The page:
Comparing WordPress vs Webflow is like comparing apples and candy apples — one is always going to be sweeter. In this Halloween-themed post, we dive into the three scariest aspects of WordPress and why Webflow is our platform of choice at Edgar Allan.
1. Too many plug-ins turn your site into Frankenstein’s monster
When building a site on WordPress, you are often left with little choice but to add a plug-in or two to manage everything from security to contact forms, a byproduct of the tool’s beginnings as a blog-hosting platform. To be honest, if you’re looking to get even more function out of your site, one or two plug-ins can quickly turn into a dozen or more, so it’s a bit of a slippery slope.
Since running a site on WordPres is so plug-in heavy, things often end up as a sort of a Frankenstein’s monster – pieces and parts tacked on all over the place. Not only is this difficult from a management perspective, but if (and when) something breaks, you’re forced to go through every single plug-in to figure out which one is broken and how to get your site back up and running. Not exactly efficient.
2. Lackluster security leaves you terrifyingly susceptible to attacks
As the most common CMS on the internet, WordPress powers almost half of all websites. But simply because it’s the most popular CMS, it’s also a huge target for hackers. This is a combination of the platform having somewhat lax security and it being a giant bullseye for hackers, since when they find their way into one site, they can reach that many more with the same attack.
Webflow on the other hand, offers built-in security features, including SSL encryption for all pages. Plus, because it’s an overall less popular platform (at least for now), so not as many hacks are built to target it. This difference between Webflow and WordPress is akin to the difference between Mac and PC — it’s just not that PCs are less secure overall, it’s that there are so many more people with PCs than Macs that it’s to hackers’ advantage to target them.
3. Restrictive building sucks the blood out of your designs
When building a site in WordPress, you have two options — either build from a premade template or code your site from scratch. If you can’t code or can’t afford to hire a developer, that leaves you searching for a template that meets your needs exactly. WordPress has a ton of templates to choose from (over 31,000), but if you have specific needs for your site or have a design in mind, it can be very limiting to have to pick from a list of templates.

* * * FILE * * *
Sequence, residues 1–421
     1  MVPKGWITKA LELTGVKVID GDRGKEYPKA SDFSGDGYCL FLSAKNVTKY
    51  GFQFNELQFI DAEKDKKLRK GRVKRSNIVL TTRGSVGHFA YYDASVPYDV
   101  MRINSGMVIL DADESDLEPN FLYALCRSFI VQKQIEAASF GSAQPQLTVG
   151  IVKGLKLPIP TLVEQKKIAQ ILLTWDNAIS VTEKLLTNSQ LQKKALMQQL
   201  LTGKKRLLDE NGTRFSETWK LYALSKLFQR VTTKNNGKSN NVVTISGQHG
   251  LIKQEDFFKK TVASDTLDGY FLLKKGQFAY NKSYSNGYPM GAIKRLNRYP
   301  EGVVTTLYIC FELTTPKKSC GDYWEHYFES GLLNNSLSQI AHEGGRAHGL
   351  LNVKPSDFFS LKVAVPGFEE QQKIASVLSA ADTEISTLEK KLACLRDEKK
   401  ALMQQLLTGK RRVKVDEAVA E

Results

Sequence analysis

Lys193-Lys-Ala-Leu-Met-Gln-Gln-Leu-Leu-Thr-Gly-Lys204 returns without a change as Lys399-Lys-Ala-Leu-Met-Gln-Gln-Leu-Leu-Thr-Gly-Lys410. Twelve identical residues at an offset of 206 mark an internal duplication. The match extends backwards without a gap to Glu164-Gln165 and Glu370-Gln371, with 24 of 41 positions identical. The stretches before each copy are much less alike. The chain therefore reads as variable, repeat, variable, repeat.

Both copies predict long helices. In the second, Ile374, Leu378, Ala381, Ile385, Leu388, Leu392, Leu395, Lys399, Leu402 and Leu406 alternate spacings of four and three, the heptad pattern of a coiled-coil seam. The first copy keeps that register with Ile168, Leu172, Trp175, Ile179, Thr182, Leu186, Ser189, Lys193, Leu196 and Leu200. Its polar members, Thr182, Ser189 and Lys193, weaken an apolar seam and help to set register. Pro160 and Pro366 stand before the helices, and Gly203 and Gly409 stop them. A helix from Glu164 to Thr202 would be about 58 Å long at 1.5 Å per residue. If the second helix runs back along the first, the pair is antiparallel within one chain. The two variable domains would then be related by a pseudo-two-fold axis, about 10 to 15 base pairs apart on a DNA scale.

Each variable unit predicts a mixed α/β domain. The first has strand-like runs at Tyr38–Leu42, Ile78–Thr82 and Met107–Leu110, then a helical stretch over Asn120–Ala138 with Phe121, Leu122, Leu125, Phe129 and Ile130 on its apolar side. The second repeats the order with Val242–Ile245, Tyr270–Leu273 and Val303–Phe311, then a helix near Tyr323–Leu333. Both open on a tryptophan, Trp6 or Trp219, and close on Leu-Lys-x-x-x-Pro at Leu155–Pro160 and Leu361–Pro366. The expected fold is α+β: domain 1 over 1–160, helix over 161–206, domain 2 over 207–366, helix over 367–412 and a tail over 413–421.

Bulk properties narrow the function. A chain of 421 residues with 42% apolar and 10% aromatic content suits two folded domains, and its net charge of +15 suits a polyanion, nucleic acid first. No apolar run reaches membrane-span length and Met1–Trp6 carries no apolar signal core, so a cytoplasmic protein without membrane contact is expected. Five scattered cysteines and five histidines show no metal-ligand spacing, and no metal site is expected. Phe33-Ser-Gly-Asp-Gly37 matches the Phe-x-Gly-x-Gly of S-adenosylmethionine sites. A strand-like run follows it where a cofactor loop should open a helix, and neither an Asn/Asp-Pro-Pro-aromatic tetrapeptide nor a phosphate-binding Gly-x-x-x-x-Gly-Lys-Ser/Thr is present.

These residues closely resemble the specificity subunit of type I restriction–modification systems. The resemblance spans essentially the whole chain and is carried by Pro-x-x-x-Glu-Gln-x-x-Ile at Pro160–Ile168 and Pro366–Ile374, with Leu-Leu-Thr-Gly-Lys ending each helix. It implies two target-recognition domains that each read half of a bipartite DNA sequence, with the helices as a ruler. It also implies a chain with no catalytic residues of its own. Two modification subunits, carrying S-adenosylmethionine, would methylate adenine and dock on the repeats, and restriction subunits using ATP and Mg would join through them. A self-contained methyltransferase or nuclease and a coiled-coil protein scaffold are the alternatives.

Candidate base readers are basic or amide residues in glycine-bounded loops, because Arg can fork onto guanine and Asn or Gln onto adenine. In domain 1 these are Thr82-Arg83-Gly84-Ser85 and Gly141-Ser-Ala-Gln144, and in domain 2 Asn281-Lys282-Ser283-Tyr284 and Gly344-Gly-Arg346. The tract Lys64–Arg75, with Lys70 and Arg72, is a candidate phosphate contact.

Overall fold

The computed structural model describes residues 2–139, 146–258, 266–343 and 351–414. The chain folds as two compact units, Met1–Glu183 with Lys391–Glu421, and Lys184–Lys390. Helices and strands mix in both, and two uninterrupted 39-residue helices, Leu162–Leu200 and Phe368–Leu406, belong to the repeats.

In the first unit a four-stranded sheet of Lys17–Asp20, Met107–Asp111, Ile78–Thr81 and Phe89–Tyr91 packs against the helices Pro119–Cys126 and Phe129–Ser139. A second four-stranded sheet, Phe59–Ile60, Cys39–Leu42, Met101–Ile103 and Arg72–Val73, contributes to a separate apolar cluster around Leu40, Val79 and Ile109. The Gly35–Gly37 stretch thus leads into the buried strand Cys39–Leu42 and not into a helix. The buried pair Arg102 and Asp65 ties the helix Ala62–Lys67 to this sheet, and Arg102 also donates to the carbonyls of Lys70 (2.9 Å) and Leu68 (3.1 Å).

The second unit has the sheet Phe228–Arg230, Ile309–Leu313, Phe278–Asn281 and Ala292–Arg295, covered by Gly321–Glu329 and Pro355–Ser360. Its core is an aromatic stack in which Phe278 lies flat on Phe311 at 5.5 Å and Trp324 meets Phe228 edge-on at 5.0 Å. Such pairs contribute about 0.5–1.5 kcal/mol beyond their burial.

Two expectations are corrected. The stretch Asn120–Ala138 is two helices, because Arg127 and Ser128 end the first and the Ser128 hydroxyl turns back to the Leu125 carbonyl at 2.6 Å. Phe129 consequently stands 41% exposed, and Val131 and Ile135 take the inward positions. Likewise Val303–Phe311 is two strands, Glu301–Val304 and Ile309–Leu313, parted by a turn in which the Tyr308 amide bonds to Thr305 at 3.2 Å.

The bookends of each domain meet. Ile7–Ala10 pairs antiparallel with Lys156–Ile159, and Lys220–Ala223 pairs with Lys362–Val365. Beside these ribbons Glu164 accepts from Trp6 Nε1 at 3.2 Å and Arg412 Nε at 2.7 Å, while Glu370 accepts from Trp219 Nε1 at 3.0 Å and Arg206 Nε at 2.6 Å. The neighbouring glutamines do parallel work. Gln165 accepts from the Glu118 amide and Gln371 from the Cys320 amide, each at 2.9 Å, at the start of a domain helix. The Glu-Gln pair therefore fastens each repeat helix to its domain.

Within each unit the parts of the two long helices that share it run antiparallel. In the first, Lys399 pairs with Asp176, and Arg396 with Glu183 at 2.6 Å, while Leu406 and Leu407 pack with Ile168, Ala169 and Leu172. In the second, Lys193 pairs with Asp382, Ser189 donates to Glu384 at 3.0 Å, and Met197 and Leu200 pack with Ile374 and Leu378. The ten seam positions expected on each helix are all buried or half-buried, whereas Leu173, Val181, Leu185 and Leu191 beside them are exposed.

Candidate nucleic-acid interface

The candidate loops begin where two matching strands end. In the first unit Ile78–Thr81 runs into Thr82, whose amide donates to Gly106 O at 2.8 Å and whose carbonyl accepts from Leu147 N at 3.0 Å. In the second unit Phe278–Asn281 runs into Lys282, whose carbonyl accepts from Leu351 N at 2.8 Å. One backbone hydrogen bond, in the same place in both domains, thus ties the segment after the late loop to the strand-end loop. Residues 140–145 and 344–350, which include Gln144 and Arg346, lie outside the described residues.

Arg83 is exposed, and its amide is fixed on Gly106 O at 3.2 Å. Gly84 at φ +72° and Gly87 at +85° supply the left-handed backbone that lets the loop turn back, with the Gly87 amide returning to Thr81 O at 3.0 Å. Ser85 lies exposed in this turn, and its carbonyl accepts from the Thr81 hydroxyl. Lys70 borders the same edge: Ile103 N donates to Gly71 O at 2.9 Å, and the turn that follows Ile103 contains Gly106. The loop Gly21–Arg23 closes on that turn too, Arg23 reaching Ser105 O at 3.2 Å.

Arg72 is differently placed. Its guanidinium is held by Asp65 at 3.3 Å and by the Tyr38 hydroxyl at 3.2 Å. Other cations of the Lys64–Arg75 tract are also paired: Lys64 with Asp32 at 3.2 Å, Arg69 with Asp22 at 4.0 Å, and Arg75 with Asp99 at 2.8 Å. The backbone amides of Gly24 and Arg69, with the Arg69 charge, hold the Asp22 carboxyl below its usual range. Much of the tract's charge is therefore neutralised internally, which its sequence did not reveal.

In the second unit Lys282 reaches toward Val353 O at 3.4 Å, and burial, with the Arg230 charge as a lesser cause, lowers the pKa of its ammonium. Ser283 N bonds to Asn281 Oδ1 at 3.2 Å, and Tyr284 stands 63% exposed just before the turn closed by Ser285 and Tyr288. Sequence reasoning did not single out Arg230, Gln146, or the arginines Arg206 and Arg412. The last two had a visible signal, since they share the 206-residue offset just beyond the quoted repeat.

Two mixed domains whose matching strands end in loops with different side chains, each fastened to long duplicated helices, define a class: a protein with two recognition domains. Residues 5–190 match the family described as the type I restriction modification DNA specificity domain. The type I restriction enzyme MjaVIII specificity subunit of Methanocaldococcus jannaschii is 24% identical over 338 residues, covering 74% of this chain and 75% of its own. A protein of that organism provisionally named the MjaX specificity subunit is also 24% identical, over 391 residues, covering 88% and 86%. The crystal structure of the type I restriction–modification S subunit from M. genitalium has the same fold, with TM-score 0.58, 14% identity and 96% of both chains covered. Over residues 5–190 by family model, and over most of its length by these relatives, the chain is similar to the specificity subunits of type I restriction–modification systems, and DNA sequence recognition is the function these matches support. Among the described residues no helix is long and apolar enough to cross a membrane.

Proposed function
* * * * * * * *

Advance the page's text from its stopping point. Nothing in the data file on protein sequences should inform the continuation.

If you decide to go the route of coding your site (or hiring someone to do it for you), you’re forced to deal with the classic development process of translating designs to code… and all of the back and forth that often ensues when the site doesn’t quite match the designs. This forced decision between building from a template or coding-from-scratch is one of the reasons that our clients often cite when they tell us they’re looking to migrate from WordPress to Webflow: they find it too constraining, and they want more freedom and flexibility, an area in which Webflow excels.
On Webflow, there are still lots of templates to choose from, but there’s also a much lower barrier to building a site without a template. Because Webflow is a no- to low-code platform, the visual designer offers the opportunity to view edits to the design as you make them. Plus, Webflow features live, in-page editing once you launch your site, meaning if you want to tweak a headline or change up some formatting, you don’t have to deal with switching back and forth between the CMS and the live site to see what you’re doing.
If you can’t tell, at Edgar Allan, we are absolutely bewitched by Webflow. As a Webflow agency, we choose to exclusively build with the platform, and use it as a springboard to create more complex web applications and functionality when needed. To learn more about Webflow, as well as our approach to branding, content, and design, check out the rest of our blog.